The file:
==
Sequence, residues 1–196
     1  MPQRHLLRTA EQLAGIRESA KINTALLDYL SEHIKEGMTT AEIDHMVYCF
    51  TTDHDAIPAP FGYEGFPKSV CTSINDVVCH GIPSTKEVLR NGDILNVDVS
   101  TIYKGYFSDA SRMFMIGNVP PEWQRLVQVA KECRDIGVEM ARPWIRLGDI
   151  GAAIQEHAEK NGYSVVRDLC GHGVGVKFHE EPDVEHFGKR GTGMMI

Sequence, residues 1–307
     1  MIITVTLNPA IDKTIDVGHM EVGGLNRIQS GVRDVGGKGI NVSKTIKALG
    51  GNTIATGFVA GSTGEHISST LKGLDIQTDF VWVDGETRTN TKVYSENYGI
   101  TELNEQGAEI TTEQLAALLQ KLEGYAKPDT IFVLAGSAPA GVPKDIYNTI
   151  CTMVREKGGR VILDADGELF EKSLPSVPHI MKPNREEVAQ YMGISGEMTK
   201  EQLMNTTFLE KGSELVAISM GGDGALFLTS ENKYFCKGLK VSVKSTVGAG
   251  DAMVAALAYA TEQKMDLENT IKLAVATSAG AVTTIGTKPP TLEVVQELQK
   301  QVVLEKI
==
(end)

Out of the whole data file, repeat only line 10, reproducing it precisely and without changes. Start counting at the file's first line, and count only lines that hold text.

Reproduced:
   151  CTMVREKGGR VILDADGELF EKSLPSVPHI MKPNREEVAQ YMGISGEMTK